4 Things Successful Candidates Do When Building Their Political Campaigns

Things Successful Candidates Do - American Veterans Honor Fund

Winning a political campaign is incredibly difficult, especially for newcomers who may just be starting out in their political career. With the 2022 Midterm Elections approaching, much of our focus has shifted to highlighting pro-Vet candidates and providing resources to Vets who are running for office themselves!

Successful candidates have a plan. While there is no exact formula for winning a political campaign, successful candidates often follow similar strategies when running their campaign. Below are four key things that successful candidates do when running for office:

Create an Effective Message

Donald Trump’s famous Make America Great Again slogan during 2016 was the hallmark of his successful presidential campaign. It was a phrase which captured his core message of “draining the swamp,” or returning the levers of power to the people. His messaging was simple and effective: America was falling apart, and he offered a solution. Messaging is critical when building a successful campaign and successful candidates find a message that resonates with their constituents. Effective messaging is clear and concise, identifies an issue and offers a solution, is credible, and ultimately communicates how that candidate will offer a positive solution.

Build a Network

Every successful campaign is built on a solid foundation. Networking in politics is a critical component of building this foundation. Like the National Democratic Training Committee writes in some of its online training literature, “You’re not going to win your election on your own. Successful candidates cultivate their full network of friends, relatives, colleagues, neighbors, and newfound supporters.” An easy way to start is to “rolodex” all of your contact info, build a base from people you know personally or professionally, then branch out!

Things Successful Candidates Do - American Veterans Honor Fund

Fundraising & Smart Budgeting

While running for office, whether at the local level or for a chance to be seated in the United States Congress, it takes money to win. Prominent political website FiveThiryEight noted in 2018, “For House seats, more than 90 percent of candidates who spend the most win. From 2000 through 2016, there was only one election cycle where that wasn’t true…” There are always exceptions, but like it or not, fundraising is an essential part of building a winning campaign. Raising money can take many forms, like email campaigns, fundraisers, social media posts, and even going door-to-door.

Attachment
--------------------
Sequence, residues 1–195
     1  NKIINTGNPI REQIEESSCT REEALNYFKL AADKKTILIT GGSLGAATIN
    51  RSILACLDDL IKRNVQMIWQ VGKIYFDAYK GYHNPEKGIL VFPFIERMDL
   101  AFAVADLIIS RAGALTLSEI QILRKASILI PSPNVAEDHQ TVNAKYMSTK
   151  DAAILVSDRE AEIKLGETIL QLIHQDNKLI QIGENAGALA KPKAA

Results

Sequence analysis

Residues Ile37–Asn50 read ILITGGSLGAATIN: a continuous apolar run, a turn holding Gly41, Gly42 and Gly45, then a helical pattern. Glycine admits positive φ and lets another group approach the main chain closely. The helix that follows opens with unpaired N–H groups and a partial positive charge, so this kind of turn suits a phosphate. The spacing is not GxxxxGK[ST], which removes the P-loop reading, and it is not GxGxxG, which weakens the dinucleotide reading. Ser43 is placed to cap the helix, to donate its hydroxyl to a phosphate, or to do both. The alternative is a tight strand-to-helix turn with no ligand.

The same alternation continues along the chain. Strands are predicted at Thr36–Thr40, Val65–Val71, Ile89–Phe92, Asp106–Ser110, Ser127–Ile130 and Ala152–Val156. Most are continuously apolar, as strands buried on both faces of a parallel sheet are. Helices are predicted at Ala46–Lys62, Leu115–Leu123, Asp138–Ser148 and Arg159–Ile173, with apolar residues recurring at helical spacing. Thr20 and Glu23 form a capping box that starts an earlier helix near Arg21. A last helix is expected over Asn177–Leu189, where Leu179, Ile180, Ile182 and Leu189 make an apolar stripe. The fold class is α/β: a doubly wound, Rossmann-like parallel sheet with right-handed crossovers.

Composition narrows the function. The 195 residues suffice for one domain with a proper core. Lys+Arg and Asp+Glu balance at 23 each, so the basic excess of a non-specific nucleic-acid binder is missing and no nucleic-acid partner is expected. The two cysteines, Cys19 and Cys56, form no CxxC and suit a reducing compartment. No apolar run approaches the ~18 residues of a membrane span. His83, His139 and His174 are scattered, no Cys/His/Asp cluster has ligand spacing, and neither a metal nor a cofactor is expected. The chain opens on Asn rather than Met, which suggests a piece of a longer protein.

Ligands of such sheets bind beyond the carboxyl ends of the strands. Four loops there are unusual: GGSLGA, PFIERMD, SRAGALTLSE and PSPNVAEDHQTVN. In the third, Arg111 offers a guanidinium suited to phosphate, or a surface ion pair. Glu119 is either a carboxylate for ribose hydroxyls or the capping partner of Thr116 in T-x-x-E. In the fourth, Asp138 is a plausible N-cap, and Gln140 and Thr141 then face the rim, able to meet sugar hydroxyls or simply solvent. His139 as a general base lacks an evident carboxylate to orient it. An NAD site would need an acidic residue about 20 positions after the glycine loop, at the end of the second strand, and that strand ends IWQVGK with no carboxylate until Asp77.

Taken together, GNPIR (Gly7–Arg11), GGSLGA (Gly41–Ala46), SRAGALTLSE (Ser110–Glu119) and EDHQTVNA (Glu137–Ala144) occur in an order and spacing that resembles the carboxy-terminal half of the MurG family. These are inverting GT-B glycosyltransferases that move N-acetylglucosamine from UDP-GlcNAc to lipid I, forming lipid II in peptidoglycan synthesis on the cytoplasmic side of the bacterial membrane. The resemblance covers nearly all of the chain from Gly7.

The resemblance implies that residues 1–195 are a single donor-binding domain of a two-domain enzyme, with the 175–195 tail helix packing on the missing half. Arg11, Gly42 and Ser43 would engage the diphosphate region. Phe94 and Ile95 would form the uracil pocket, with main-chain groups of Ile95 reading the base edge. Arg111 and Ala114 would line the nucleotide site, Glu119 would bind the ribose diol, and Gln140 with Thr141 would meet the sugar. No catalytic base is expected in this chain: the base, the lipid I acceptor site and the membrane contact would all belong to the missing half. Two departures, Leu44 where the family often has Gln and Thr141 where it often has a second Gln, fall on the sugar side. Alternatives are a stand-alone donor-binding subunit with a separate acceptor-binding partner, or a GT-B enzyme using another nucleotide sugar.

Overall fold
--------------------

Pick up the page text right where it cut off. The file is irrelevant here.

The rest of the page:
But successful candidates also know spending that money wisely is also part of the equation. Much of campaign spending is devoted to voter outreach, so, research into the cost of advertising in print and online, decide whether you’ll need rental money for a campaign office, or even campaign workers. Make contingencies for what you hope to have versus what you can realistically raise, and ultimately, don’t be afraid to change your spending strategy as you learn what gives you the biggest bang for your buck!

Effective Social Media Strategy

Reaching an audience through effective advertising has always been a cornerstone of running a political campaign. Millions of dollars are spent by candidates to connect with potential voters, curate a platform, and combat political rivals. More than ever in today’s world, this means having a strong social media presence. A recent study titled, Social Media and Political Contributions: The Impact of New Technology on Political Competition, noted in part how social media has changed the game for fundraising candidates. “Within the first month of using Twitter, politicians were able to raise between 1% and 3% of what they would have raised in a two-year traditional campaign,” researchers found. At the heart of having a good social media strategy is humanizing candidates and providing voters with greater access to connect with them across millions of potential interactions.

2022 Voter Guide - American Veterans Honor Fund

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